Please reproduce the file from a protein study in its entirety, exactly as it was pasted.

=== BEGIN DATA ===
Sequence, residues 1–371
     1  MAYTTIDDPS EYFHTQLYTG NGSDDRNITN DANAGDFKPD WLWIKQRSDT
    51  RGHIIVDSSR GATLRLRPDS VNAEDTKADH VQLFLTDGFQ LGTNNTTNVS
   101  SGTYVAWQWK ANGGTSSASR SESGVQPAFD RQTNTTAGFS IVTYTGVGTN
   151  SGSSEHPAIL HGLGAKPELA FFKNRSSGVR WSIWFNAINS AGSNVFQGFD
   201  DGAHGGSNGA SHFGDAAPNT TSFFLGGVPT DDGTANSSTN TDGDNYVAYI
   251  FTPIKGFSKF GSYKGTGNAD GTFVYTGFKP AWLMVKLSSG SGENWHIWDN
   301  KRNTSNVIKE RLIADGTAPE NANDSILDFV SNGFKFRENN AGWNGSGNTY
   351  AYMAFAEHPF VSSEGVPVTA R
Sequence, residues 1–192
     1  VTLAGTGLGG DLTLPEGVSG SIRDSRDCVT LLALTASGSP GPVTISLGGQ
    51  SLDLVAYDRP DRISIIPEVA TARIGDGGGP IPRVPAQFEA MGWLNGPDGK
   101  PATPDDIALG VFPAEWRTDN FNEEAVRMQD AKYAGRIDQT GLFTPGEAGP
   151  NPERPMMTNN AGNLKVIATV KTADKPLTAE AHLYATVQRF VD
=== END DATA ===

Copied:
Sequence, residues 1–371
     1  MAYTTIDDPS EYFHTQLYTG NGSDDRNITN DANAGDFKPD WLWIKQRSDT
    51  RGHIIVDSSR GATLRLRPDS VNAEDTKADH VQLFLTDGFQ LGTNNTTNVS
   101  SGTYVAWQWK ANGGTSSASR SESGVQPAFD RQTNTTAGFS IVTYTGVGTN
   151  SGSSEHPAIL HGLGAKPELA FFKNRSSGVR WSIWFNAINS AGSNVFQGFD
   201  DGAHGGSNGA SHFGDAAPNT TSFFLGGVPT DDGTANSSTN TDGDNYVAYI
   251  FTPIKGFSKF GSYKGTGNAD GTFVYTGFKP AWLMVKLSSG SGENWHIWDN
   301  KRNTSNVIKE RLIADGTAPE NANDSILDFV SNGFKFRENN AGWNGSGNTY
   351  AYMAFAEHPF VSSEGVPVTA R
Sequence, residues 1–192
     1  VTLAGTGLGG DLTLPEGVSG SIRDSRDCVT LLALTASGSP GPVTISLGGQ
    51  SLDLVAYDRP DRISIIPEVA TARIGDGGGP IPRVPAQFEA MGWLNGPDGK
   101  PATPDDIALG VFPAEWRTDN FNEEAVRMQD AKYAGRIDQT GLFTPGEAGP
   151  NPERPMMTNN AGNLKVIATV KTADKPLTAE AHLYATVQRF VD